Many people achieve healthy levels by eating a balanced diet and through other aspects of their lifestyle. However, some require medication to prevent additional health problems.
What is dyslipidemia?
Dyslipidemia occurs when someone has abnormal levels of lipids in their blood. While the term describes a wide range of conditions, the most common forms of dyslipidemia involve:
- high levels of low-density lipoproteins (LDL), or bad cholesterol
- low levels of high-density lipoproteins (HDL), or good cholesterol
- high levels of triglycerides
- high cholesterol, which refers to high LDL and triglyceride levels
Lipids, or fats, are building blocks of life and provide energy to cells. Lipids include:
- LDL cholesterol, which is considered bad because it can cause plaques to form in the blood vessels.
- HDL cholesterol, which is regarded as good because it can help to remove LDL from the blood.
- Triglycerides, which develop when calories are not burned right away and are stored in fat cells.
Healthy blood lipid levels naturally vary from person to person. However, people with high levels of LDL and triglycerides or very low HDL levels tend to have a higher risk of developing atherosclerosis.
Atherosclerosis develops when hard, fatty deposits called plaques accumulate in blood vessels, making it difficult for blood to flow.
Over time, these plaques can build up and cause major circulation problems, such as heart attacks and strokes.
Genetic factors cause primary dyslipidemia, and it is inherited. Common causes of primary dyslipidemia include:
- Familial combined hyperlipidemia, which develops in teenagers and young adults and can lead to high cholesterol.
- Familial hyperapobetalipoproteinemia, a mutation in a group of LDL lipoproteins called apolipoproteins.
- Familial hypertriglyceridemia, which leads to high triglyceride levels.
- Homozygous familial or polygenic hypercholesterolemia, a mutation in LDL receptors.
Secondary dyslipidemia is caused by lifestyle factors or medical conditions that interfere with blood lipid levels over time.
Common causes of secondary dyslipidemia include:
- obesity, especially excess weight around the waist
- alcohol use disorder, also known as alcoholism
- polycystic ovary syndrome
- metabolic syndrome
- excessive consumption of fats, especially saturated and trans fats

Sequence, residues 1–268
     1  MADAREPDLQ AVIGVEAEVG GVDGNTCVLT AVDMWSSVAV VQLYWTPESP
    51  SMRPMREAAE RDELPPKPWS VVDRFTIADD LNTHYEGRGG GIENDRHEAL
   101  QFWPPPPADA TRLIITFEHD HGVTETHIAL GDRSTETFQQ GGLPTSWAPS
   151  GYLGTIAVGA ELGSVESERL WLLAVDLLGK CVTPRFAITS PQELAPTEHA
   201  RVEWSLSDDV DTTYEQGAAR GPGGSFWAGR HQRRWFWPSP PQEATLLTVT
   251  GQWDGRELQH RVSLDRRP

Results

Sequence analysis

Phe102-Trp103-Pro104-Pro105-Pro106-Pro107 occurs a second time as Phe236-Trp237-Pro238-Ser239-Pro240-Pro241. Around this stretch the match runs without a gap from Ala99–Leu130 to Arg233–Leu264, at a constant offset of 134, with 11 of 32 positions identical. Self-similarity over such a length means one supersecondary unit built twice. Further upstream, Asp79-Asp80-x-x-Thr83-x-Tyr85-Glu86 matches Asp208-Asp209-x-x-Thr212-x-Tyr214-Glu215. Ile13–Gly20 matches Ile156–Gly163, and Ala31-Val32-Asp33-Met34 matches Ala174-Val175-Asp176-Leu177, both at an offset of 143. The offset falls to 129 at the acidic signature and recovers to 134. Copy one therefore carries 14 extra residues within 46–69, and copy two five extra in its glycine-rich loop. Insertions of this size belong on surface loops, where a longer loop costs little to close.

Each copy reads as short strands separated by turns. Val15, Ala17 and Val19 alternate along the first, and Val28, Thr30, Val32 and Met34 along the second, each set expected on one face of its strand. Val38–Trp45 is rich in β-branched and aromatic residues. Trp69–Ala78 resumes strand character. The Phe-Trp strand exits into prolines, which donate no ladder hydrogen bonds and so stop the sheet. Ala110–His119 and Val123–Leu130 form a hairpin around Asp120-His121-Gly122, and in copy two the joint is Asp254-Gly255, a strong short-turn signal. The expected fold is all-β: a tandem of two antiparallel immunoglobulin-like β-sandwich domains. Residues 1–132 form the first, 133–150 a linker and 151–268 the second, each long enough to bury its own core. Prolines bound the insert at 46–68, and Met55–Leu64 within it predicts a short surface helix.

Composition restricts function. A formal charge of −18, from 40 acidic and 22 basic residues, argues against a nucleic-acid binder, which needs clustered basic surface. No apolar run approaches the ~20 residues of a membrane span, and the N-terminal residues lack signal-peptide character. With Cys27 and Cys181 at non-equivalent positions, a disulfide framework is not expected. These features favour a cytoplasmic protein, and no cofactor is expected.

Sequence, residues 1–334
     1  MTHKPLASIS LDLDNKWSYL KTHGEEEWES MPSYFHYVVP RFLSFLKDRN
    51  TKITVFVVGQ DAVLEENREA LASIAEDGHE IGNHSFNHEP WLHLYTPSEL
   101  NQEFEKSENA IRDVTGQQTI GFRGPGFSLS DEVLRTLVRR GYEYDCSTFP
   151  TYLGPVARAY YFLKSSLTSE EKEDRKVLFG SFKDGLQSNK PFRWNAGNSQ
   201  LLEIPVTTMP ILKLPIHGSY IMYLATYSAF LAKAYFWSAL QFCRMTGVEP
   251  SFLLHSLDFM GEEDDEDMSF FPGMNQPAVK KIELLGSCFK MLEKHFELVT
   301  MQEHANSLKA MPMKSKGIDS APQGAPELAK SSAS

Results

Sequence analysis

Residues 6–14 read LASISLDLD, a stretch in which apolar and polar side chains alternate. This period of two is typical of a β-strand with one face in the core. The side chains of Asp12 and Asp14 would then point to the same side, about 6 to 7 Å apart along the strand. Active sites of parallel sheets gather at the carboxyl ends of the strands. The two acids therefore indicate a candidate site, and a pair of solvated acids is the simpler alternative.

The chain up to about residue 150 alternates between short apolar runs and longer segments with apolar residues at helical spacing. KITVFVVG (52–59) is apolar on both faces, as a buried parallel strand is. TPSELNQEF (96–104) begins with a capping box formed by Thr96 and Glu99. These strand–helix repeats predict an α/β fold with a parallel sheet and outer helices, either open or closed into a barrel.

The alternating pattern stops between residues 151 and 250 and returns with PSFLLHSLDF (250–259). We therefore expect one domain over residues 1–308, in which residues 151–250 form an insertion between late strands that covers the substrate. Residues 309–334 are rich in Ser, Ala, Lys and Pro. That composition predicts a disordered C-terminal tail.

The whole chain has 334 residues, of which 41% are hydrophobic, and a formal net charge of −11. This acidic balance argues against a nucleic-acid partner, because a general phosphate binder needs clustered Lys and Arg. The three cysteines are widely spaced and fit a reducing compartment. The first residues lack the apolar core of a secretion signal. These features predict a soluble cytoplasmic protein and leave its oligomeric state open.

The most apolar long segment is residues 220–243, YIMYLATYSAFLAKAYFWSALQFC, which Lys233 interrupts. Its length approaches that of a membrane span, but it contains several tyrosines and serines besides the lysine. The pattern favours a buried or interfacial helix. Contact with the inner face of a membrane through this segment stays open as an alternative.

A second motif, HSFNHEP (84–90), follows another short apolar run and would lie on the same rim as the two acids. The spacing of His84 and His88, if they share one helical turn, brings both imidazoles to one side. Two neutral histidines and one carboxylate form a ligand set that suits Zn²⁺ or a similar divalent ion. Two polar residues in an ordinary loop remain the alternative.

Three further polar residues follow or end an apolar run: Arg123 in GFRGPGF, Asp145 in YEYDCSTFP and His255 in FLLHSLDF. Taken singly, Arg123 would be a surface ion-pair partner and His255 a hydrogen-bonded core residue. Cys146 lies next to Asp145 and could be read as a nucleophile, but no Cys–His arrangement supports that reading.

- Cushing’s syndrome
- inflammatory bowel disease, commonly known as IBS
- severe infections, such as HIV
- an abdominal aortic aneurysm
A doctor will usually focus on lowering a person’s levels of triglycerides and LDL. However, treatment can vary, depending on the underlying cause of dyslipidemia and how severe it is.
Doctors may prescribe one or more lipid-modifying medications for people with very high total cholesterol levels of at least 200 milligrams per deciliter of blood.
High cholesterol is usually treated with statins, which interfere with the production of cholesterol in the liver.
If statins fail to lower LDL and triglyceride levels, a doctor may recommend additional medications, including:
- bile acid sequestrants
- evolocumab and alirocumab
- lomitapide and mipomersen
Some lifestyle changes and supplements can help to encourage healthy blood lipid levels.
Natural treatments include:
- reducing the consumption of unhealthy fats, such as those found in red meats, full-fat dairy products, refined carbohydrates, chocolate, chips, and fried foods
- exercising regularly
- maintaining a healthy body weight, by losing weight if necessary
- reducing or avoiding alcohol consumption
- quitting smoking and other use of tobacco products
- avoiding sitting for long periods of time
- increasing consumption of healthy polyunsaturated fats, such as those found in nuts, seeds, legumes, fish, whole grains, and olive oil
- taking omega-3 oil, either as a liquid or in capsules
- eating plenty of dietary fiber from whole fruits, vegetables, and whole grains
- getting at least 6– 8 hours of sleep a night
- drinking plenty of water
People with minor dyslipidemia usually have no symptoms. They can often manage or resolve the condition by making lifestyle adjustments.
People with dyslipidemia should contact a doctor if they experience symptoms relating to the heart or circulation, including:
- chest pains or tightness
- heart palpitations
- swelling of the ankles and feet
- trouble breathing
- cold sweats
- nausea and heartburn
People who have severe dyslipidemia, especially those with other medical conditions, may need to manage their blood lipid levels with medication, in addition to making lifestyle changes.
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